It's marvellous what Milo did for her

Multinational companies are keen to tailor products to suit Asian consumers, who are a growing market. The Economic Development Board has been nurturing talent in the consumer business and professional services sectors, helping these companies to brand and market their products. Arti Mulchand profiles some of the people working in them.

Ms Shermaine Lee was 19 and part of a six-month exchange programme with the Maastricht University in the Netherlands when she experienced the darkness of winter for the first time.

"It was very cold. The days were really short, it got dark at 4pm," she recalls.

But a chance encounter at an Asian grocery store with a familiar green can - Milo, the chocolate malt beverage she'd had every day as a child - took her back home.

"It reminded me of the love and warmth of home," says Ms Lee, now 26 and assistant brand manager for Milo.

Prior to her Netherlands trip, the economics major from Singapore Management University had done an internship with Nestle.

It sealed her decision to join the company full-time in 2011.

She became part of the Milo branding team, managing on-ground and in-store campaigns.

She also had a hand in conceptualising and bringing to life several Milo collectibles, such as the small Milo vans and mugs that come free with the product.

She says: "The collectibles help to drive sales and also build brand love. The Milo vans from the various eras are something that many people, even my Dad, remember."

She then moved to a more strategic role, coming up with campaign and product development ideas, and expanding the brand's digital reach.

She helped to grow its Facebook fan base from 43,000 to more than 209,000 fans, paying attention to what they say and talking to them.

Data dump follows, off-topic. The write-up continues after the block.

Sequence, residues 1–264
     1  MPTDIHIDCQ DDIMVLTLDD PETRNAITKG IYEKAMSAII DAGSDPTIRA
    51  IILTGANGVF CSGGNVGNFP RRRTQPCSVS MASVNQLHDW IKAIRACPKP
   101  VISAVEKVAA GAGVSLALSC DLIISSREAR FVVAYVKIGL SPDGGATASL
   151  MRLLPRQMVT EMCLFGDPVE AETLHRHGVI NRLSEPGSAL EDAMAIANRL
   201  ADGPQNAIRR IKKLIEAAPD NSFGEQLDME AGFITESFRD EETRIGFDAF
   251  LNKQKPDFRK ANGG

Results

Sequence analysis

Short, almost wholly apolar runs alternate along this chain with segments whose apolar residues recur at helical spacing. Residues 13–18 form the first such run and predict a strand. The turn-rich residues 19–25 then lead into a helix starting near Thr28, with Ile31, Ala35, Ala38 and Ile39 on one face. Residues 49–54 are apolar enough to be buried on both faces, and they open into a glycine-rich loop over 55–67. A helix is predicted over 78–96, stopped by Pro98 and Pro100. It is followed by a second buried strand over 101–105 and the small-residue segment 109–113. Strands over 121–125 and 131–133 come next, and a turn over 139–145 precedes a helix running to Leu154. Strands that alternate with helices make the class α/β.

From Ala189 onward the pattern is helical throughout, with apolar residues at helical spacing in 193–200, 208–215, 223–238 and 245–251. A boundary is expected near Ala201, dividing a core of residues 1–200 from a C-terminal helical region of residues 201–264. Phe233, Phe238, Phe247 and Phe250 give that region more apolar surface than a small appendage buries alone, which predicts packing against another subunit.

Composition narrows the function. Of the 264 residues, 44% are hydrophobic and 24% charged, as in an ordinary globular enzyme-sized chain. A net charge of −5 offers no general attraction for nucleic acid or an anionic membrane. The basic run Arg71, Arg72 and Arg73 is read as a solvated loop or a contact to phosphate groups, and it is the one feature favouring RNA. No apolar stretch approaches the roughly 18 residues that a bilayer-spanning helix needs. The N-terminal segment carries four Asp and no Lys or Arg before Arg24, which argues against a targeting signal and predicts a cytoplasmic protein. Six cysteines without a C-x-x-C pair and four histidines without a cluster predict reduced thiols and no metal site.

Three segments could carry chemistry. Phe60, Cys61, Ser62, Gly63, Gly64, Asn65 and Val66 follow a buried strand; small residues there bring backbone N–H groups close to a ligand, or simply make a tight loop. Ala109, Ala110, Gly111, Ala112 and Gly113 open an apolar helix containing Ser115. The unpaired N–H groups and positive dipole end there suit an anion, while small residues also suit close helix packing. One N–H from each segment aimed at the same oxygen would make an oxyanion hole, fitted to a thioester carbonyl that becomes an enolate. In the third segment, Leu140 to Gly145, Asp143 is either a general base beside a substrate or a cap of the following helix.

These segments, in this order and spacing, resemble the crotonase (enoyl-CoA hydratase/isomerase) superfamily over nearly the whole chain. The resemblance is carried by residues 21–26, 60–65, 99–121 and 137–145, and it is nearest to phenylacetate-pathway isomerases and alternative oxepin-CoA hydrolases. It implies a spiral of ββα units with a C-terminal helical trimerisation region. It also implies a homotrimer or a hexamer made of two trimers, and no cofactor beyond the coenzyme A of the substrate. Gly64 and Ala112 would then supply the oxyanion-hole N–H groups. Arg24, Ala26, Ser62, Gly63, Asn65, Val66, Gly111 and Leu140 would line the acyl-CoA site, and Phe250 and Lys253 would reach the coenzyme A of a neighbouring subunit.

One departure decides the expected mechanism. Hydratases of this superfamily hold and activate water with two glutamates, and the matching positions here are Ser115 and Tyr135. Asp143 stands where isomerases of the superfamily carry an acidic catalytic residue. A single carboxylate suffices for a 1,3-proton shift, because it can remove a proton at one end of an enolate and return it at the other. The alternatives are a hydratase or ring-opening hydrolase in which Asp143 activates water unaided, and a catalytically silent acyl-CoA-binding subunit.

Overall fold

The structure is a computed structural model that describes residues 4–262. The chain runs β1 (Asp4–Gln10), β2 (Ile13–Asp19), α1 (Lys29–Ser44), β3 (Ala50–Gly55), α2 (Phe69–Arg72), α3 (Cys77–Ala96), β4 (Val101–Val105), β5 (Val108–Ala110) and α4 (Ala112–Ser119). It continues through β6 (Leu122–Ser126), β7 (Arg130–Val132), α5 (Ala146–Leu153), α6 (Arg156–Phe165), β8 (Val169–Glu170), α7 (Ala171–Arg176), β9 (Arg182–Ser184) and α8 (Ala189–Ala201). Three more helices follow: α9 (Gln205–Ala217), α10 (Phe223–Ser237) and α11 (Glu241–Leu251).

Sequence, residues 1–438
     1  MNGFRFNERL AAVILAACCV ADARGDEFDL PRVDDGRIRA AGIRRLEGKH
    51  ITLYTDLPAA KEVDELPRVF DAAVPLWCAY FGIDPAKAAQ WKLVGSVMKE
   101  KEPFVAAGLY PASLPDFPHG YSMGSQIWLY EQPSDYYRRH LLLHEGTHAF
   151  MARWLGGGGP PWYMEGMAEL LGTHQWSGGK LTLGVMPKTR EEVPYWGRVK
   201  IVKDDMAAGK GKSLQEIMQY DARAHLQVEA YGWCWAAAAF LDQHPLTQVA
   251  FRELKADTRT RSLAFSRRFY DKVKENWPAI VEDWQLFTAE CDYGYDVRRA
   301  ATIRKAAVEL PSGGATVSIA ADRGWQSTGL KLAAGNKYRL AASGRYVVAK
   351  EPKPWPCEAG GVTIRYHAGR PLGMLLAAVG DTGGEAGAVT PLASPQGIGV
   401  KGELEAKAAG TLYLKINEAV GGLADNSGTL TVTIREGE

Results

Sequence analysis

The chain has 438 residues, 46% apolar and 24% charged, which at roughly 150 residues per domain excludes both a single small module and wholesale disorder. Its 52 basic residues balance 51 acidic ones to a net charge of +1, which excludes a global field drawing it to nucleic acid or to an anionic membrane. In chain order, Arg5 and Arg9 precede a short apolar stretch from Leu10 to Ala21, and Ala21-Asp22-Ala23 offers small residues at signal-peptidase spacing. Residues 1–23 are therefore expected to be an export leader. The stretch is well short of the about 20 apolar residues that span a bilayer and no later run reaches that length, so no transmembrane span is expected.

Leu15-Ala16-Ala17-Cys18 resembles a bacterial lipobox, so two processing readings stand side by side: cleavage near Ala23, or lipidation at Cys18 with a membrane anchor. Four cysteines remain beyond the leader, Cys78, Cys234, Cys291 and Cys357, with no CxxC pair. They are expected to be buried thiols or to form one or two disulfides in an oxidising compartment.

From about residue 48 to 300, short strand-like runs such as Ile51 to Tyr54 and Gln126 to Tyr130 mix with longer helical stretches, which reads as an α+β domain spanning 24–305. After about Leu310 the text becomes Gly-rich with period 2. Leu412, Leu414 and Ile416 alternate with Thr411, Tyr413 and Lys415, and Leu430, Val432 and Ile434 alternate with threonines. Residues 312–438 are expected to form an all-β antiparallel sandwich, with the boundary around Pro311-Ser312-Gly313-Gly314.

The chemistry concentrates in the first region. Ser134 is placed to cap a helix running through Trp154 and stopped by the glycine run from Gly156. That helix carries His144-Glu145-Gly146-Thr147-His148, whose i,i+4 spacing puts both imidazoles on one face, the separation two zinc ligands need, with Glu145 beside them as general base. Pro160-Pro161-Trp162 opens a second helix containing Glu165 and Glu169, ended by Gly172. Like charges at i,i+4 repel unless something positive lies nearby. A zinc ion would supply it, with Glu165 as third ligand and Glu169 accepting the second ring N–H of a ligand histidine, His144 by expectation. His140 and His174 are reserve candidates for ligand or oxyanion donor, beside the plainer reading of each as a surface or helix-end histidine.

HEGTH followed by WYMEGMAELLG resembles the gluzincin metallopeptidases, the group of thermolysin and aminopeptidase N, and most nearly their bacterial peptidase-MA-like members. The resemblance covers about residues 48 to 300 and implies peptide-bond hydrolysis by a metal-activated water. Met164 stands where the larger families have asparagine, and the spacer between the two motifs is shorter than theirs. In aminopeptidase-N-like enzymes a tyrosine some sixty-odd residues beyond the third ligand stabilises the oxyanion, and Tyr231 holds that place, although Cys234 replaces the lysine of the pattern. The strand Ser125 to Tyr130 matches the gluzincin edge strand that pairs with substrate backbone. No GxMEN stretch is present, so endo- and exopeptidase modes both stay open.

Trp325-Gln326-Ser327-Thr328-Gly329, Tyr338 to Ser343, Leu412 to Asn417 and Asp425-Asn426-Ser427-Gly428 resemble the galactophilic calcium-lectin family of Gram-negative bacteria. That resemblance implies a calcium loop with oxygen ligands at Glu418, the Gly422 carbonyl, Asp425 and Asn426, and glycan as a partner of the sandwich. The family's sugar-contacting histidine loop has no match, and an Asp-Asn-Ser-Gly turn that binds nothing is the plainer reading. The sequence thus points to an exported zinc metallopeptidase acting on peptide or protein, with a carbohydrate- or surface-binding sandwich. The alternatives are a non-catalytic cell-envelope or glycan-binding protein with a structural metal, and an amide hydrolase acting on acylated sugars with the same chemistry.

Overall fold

"Knowing what consumers are saying about the brand helps us, and having a two-way conversation helps us understand them better," she says.

She even joined the Milo Youth Triathlon team to better understand "what an actual participant goes through".

She had not thought about marketing as a career until a study trip to China and Hong Kong in her second year of university sparked an interest in the psychographics - the study of values and lifestyles - of various regions.

Nestle - the world's largest food and beverage company by revenue with over 10,000 products in its portfolio and about one billion products sold every day - seemed a great place to learn.

Her role gives her a hand in sales, trade marketing, supply chain and finance functions, so her day could involve anything from a photo shoot to setting up for events.

But the hobby photographer and long-distance runner constantly has to debunk the impression that "brand management" is all about advertising.

"That isn't the bulk of my job. We manage the business and work closely with different functions in order to drive our objectives.

"But understanding and delighting consumers is a huge part of this. As a career choice, you could say it's marvellous."

This article was first published on May 19, 2014